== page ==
In Jane Austen’s First Love, a young Jane spends a month in Kent with the Bridges family at their country estate, Goodnestone Park, where romance blossoms between her and an extraordinary young gentleman. While there, Jane engages in all sorts of activities. As I researched the novel, I was fascinated to learn about the kinds of amusements that were popular in Georgian England, and in particular, the games that Jane Austen was fond of herself.
“We do not want amusement: bilbocatch, at which George is indefatigable; spilikins, paper ships, riddles, conundrums, and cards, with watching the flow and ebb of the river, and now and then a stroll out.”
We can imagine Jane making paper ships with her nephews, playing cards, or telling each other riddles. But what are the other amusements to which Jane refers?
Bilbocatch, also called cup-and-ball, was a simple, traditional child’s toy comprised of a wooden stick with a cup at one end, and a small wooden ball with a hole in it which was attached to the cup by a string. The object of the game was to catch the ball in the cup or on the pointed end. A bilbocatch which belonged to Jane Austen is on display at Chawton Cottage (Jane Austen’s House Museum.) A charming illustration from Lydia Marie Child’s 1838 book, The Girl’s Own Book, shows two young ladies playing the game.
“Jane Austen was successful in everything that she attempted with her fingers. None of us could throw spilikins in so perfect a circle, or take them off with so steady a hand. Her performances with cup and ball were marvellous. The one used at Chawton was an easy one, and she has been known to catch it on the point above an hundred times in succession, till her hand was weary.”
Jane Austen also played “battledore and shuttlecock,” an ancient game that was similar to modern badminton. It was played by two people with wooden racquets (battledores), who batted back and forth a cork shuttlecock trimmed with feathers. As she wrote in 1808 to Cassandra:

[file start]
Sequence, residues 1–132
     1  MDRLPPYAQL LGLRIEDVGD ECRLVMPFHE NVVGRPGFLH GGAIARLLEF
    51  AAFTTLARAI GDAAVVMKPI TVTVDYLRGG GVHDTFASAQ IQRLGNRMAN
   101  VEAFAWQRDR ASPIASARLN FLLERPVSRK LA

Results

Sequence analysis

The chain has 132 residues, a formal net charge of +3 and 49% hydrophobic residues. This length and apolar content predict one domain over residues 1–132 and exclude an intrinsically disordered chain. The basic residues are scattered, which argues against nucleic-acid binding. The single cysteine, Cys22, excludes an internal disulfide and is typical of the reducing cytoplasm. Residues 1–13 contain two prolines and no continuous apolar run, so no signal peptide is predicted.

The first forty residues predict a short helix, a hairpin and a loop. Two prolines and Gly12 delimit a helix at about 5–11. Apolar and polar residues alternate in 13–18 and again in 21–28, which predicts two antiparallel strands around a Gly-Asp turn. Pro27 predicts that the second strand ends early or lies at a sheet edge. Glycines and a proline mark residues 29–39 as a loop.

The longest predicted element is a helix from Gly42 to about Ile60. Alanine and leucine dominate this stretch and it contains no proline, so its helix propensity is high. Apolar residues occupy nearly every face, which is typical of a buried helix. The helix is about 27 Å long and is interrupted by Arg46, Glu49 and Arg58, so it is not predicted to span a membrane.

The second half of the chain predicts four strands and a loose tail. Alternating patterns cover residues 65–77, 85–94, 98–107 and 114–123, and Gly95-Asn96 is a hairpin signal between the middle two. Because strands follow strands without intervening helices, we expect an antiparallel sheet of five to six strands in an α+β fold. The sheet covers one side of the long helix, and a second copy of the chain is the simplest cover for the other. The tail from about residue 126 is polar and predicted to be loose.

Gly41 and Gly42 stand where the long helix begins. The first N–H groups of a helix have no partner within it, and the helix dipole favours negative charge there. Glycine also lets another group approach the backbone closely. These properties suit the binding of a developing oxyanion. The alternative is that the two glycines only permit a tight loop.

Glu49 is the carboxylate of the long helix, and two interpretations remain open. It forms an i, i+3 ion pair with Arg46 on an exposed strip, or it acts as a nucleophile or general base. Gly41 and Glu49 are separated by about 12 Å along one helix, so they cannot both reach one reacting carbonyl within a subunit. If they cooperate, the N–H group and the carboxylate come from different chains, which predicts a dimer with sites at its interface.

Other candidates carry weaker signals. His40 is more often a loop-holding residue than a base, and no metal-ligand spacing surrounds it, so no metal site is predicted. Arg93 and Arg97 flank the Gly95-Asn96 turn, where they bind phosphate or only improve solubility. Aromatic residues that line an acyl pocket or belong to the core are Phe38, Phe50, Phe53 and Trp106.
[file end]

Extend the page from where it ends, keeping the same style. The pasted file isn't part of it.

Jane Austen and her family enjoyed any number of card games, but she was especially fond of speculation. The game, which could be played with two to nine people and required a full 52 card deck, involved bidding on cards. Whoever held the highest trump at the end won the pot. Austen included a telling game of Speculation in Mansfield Park, and wrote of her nephews’ visit in 1808, “I introduced speculation, and it was so much approved that we hardly knew how to leave off.”
Austen described a variety of parlor games in her novels, such as the charades, alphabet blocks, and conundrums (clever word puzzles) indulged in by the characters in Emma. A dangerous but popular parlor game at the time, Snapdragon, involved snatching raisins out of a bowl of burning brandy, the goal being not to burn one’s fingers! Other amusements during the Georgian era included cricket, billiards, horseback riding, chess, lawn bowling, and archery, many of which are featured in Jane Austen’s First Love. In this excerpt from the novel, Jane writes to her friend Martha Lloyd about the object of her affection, Edward Taylor, and her woes on the archery range:
“As I am already proficient at the sport, he spent all his time teaching Charlotte how to shoot a bow and arrow. How irritating it was to see him standing over her for such a lengthy period, and in such an intimate posture! How I wish he had been instructing me! It seems that a young lady, if she has the misfortune of knowing anything, should conceal it as well as she can.”
Fifteen-year-old Jane Austen dreams of three things: doing something useful, writing something worthy, and falling madly in love. When she visits her brother in Kent to celebrate his engagement, she meets wealthy, devilishly handsome Edward Taylor—a fascinating young man who is truly worthy of her affections. Jane knows a match between her and Edward is unlikely, but every moment she spends with him makes her heart race—and he seems to return her interest. Much to her displeasure, however, there is another seeking his attention
Unsure of her budding relationship, Jane seeks distraction by attempting to correct the pairings of three other prospective couples. But when her matchmaking aspirations do not all turn out as anticipated, Jane discovers the danger of relying on first impressions. The human heart cannot be easily deciphered, nor can it be directed or managed. And if others must be left to their own devices in matters of love and matrimony, can Jane even hope to satisfy her own heart?
Syrie James is the bestselling author of nine critically acclaimed novels, including The Missing Manuscript of Jane Austen, The Lost Memoirs of Jane Austen, The Secret Diaries of Charlotte Bronte, Nocturne, Dracula My Love, Forbidden, and The Harrison Duet: Songbird and Propositions. Her books have been translated into eighteen foreign languages.